When RG Steel closed in Baltimore, laying off 2,000 well-paid steelworkers, Community College of Baltimore County offered workers a chance to retool. But college was a hard sell, despite federal retraining aid for displaced workers. “It’s a group of men who think college is for other people,” says Brian Penn, who runs the college’s heating, ventilating, air-conditioning, and energy technology program.
President Obama touts job retraining at community colleges to enable laid-off workers to close the “skills gap.” Mitt Romney agrees that retraining is the answer. But it hasn’t worked in Janesville, Wisconsin, where a GM plant closed four years ago. Laid-off workers who took vocational classes at a nearby technical college ended up working less and earning less than their former co-workers who didn’t go back to school. Why? There aren’t many jobs.
PBS will air As Goes Janesville: A Small Town Struggles in the Recession this evening. The documentary includes a profile of a laid-off assembly-line worker who enrolled in a Wisconsin community college to train as a medical lab technician.
Manufacturers are hiring — but they want skilled or trainable workers to run very expensive machines.
Alabama’s community colleges are mourning students killed in the devastating tornadoes. Graduation ceremonies have been postponed or cancelled.
Laid-off workers in St. Louis want short-term training programs that let them rejoin the workforce quickly. Few have the motivation or skills to earn a degree.
Also on Community College Spotlight: Students taking online community college classes are more likely to fail than students in traditional classes, concludes a Washington state study concludes.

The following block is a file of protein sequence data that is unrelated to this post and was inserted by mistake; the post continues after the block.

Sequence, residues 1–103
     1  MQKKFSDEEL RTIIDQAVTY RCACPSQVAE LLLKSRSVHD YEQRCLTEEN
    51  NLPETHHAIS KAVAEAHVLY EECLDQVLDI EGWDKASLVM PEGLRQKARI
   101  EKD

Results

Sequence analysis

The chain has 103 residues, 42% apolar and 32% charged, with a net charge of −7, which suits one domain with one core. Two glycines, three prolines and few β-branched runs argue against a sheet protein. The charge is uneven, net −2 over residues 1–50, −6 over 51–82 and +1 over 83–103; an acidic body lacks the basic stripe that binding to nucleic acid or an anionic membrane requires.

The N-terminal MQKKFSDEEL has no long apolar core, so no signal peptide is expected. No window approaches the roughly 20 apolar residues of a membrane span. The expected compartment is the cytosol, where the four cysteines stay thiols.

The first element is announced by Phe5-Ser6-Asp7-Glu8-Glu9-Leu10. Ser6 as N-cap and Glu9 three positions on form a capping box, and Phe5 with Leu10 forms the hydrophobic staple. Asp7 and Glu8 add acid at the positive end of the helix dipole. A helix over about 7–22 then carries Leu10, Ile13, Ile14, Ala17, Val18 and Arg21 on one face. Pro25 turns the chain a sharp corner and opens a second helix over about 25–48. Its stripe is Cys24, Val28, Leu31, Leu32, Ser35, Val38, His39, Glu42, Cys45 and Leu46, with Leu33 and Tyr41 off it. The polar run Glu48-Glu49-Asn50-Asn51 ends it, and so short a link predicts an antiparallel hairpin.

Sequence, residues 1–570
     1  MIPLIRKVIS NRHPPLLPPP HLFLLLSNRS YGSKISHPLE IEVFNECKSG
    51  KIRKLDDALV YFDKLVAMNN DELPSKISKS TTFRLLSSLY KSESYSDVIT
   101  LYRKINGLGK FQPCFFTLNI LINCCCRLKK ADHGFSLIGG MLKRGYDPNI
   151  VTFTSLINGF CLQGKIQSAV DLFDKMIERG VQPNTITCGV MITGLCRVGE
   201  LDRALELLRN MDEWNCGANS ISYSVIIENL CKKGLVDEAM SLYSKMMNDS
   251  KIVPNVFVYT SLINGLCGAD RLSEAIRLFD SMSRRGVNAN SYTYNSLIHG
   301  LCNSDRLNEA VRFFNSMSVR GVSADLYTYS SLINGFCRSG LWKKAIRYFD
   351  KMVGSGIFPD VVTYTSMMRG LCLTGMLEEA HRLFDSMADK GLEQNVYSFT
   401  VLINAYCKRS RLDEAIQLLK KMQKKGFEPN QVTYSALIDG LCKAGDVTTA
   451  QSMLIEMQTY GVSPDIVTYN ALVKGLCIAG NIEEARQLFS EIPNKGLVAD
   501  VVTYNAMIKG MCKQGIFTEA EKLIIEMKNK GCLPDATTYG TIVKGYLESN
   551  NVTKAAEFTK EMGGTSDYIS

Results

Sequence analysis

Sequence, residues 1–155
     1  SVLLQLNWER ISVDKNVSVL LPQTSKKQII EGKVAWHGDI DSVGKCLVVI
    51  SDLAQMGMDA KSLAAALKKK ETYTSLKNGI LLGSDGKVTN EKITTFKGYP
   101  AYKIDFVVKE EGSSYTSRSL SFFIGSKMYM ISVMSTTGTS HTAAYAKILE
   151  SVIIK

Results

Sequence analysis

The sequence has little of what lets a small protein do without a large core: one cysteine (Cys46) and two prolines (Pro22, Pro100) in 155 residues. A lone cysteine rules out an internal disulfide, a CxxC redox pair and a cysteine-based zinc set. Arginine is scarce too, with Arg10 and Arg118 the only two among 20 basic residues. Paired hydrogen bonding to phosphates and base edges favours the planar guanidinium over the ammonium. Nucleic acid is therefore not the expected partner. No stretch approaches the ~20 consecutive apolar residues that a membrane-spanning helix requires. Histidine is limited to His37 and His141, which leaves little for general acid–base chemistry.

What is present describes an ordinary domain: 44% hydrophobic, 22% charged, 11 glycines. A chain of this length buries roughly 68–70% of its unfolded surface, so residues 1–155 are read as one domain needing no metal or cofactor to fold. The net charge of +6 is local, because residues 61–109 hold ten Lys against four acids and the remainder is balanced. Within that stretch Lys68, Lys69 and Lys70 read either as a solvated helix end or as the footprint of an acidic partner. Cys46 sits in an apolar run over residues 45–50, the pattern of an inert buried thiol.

Chinese “tiger mothers,” who demand excellence from their children, are superior to Western moms, claims Amy Chua, a Yale law professor with two high-performing daughters. More tiger children end up at community colleges than the Ivy League, writes a Pasadena Community College professor. And these kids are depressed by their failure to meet their parents’ unreasonable expectations. Some are suicidal.
Also on Community College Spotlight: Laid-off workers in Iowa are turning to community colleges for retraining, but wait lists are long for programs in health care, welding and other high-demand fields.
On Community College Spotlight: Many retraining programs don’t help laid-off workers find new jobs, but a Detroit-area community college claims a 65 percent job placement rate for laid-off auto designers who take a skills refresher course.